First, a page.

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    UK foreshadows political future for US banks

    07/27/2009

    The <a href="http://news.bbc.co.uk/2/hi/business/8169225.stm" target="_blank">BBC is reporting</a> that Alistair Darling, the Chancellor of the Exchequer (roughly equivalent to our Treasury Secretary), is interested in questioning banks over whether their interest rates for small business loans and mortgages are too high.

    According to the BBC article,

    <blockquote>Mr Darling's comments come after a report by financial website Moneyfacts said banks had increased the interest rates they charge for personal mortgages nearly fourfold in recent months, despite the base rate remaining at a record low of 0.5%.

    Angela Knight, the chief executive of the British Bankers' Association (BSA), said banks had to pay a lot more than 0.5% for the funds they themselves borrowed in the wholesale money markets, and they had to pass this on to customers....

    However, Stephen Alambritis, chief spokesman for the Federation of Small Businesses, said the chancellor was "quite right to haul in the banks".

    "It is hugely important that Mr Darling keeps tabs on the banks to ensure they are lending money to firms, and at fair rates. Firms need to be able to reap the benefits of the historically low base rate," he said. </blockquote>

    We've already heard some of this kind of stuff from Barney Frank and friends, but prepare for it to get much worse, not least because the TARP Inspector General, Neil Barofsky, recently said that <a href="http://money.cnn.com/2009/07/21/news/economy/TARP_report/index.htm?secti..." target="_blank">there's no way to know what banks have done</a> with their bailout funds.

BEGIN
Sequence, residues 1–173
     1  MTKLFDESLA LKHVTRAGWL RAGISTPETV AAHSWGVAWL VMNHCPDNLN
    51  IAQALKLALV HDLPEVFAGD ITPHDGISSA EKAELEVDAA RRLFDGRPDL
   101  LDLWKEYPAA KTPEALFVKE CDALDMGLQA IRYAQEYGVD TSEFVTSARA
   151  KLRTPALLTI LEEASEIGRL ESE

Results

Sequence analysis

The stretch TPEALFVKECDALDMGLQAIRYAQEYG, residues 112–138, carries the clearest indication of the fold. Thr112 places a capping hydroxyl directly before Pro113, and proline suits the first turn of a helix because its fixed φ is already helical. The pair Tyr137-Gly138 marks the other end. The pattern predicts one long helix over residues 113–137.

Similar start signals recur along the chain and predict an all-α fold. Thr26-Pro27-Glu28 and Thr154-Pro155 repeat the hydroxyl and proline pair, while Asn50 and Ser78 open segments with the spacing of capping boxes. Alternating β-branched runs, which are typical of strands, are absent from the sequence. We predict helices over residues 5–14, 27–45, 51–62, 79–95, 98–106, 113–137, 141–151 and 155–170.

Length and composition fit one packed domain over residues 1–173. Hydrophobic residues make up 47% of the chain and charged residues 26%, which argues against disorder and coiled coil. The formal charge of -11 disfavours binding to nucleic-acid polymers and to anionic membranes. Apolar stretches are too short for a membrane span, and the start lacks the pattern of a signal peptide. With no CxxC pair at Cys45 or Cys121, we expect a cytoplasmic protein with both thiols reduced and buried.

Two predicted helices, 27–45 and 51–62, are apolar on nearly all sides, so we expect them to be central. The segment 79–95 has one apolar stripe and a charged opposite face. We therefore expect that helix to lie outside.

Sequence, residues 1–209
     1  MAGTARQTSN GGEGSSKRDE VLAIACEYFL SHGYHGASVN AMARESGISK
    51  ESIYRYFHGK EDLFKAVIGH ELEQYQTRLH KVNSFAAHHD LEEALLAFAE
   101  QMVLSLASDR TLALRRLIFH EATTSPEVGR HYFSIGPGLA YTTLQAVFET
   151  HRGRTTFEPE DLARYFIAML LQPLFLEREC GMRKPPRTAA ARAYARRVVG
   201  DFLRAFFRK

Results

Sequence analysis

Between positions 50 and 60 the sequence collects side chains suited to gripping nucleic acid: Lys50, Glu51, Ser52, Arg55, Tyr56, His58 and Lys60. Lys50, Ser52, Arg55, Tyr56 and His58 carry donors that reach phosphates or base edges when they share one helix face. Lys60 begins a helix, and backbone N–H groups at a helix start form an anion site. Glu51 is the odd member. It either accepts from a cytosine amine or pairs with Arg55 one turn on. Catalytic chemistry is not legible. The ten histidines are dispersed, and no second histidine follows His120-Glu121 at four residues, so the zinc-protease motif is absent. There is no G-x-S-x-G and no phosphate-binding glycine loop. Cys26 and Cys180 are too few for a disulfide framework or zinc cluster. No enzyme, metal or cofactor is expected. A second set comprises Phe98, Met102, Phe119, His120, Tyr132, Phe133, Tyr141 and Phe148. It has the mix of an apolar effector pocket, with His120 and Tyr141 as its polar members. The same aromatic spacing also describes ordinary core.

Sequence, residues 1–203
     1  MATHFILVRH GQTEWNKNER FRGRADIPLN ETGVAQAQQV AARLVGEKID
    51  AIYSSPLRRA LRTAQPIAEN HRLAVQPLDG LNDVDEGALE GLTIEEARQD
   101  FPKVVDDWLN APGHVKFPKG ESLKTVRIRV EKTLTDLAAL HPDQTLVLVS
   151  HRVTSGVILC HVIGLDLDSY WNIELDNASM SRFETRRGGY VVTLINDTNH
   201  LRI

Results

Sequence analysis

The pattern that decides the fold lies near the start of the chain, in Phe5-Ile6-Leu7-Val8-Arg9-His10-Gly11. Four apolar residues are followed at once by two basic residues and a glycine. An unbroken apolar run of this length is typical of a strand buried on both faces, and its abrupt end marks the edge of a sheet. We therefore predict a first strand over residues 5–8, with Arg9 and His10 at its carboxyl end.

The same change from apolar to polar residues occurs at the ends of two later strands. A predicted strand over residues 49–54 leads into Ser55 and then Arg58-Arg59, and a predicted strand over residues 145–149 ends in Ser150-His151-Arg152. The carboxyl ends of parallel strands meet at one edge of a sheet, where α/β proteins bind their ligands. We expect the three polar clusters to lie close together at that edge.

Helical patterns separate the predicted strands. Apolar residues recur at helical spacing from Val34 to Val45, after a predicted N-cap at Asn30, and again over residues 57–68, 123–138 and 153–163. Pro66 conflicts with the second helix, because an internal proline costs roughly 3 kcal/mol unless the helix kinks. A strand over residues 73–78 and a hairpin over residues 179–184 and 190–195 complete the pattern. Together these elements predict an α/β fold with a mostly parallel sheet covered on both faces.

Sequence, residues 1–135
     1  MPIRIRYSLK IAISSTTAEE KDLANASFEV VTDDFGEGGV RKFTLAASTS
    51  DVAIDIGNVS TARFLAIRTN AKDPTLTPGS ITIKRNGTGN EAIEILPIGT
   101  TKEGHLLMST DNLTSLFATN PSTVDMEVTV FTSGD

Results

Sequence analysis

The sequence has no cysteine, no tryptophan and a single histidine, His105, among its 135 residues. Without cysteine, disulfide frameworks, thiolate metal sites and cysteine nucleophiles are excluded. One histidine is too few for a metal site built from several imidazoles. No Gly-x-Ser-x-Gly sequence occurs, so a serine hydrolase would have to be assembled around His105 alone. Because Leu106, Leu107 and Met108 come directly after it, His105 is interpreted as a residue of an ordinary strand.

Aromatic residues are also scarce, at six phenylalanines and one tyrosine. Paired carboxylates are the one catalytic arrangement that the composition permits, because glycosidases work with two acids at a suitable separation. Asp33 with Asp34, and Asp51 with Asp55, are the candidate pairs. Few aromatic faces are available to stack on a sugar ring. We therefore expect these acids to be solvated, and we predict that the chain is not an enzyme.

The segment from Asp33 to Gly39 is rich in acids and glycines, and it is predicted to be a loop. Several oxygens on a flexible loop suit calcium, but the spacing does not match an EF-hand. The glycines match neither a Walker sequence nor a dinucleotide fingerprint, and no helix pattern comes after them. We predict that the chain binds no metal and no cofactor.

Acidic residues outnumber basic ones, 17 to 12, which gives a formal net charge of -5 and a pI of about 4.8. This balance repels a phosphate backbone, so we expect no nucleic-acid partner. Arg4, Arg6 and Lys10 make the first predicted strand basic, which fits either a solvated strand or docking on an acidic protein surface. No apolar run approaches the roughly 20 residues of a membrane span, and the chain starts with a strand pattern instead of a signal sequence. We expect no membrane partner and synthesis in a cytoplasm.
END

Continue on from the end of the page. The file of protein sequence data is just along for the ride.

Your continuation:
What the politicians forget is that banking is an extremely competitive industry.  If interest rates seem stubbornly high for loans, the reason is simple: The perceived risks to lenders remain stubbornly high.

    Not only is it perfectly rational for a bank to worry about being paid back on a business loan or a mortgage in the current situation, but it's also perfectly rational to wonder whether government will compound the problem, such as by allowing judges to alter the principal amounts due on mortgages.

    Think about it another way:  Let's say that in 2004 you had some extra cash lying around that you were willing to lend.  Someone asked you for a loan to buy a house and you offered him a loan at 8% based on what you knew of his employment, the housing market at the time, etc.  Now what if the same person came to you asking for the same loan for the same house (and let's assume that in that neighborhood, prices are now roughly where they were in 2004)?  Would you still offer that loan at 8%?  Of course not (if you're sane.)  The rate would be higher to compensate for a myriad of additional risks, regardless of the so-called lower interest rate environment.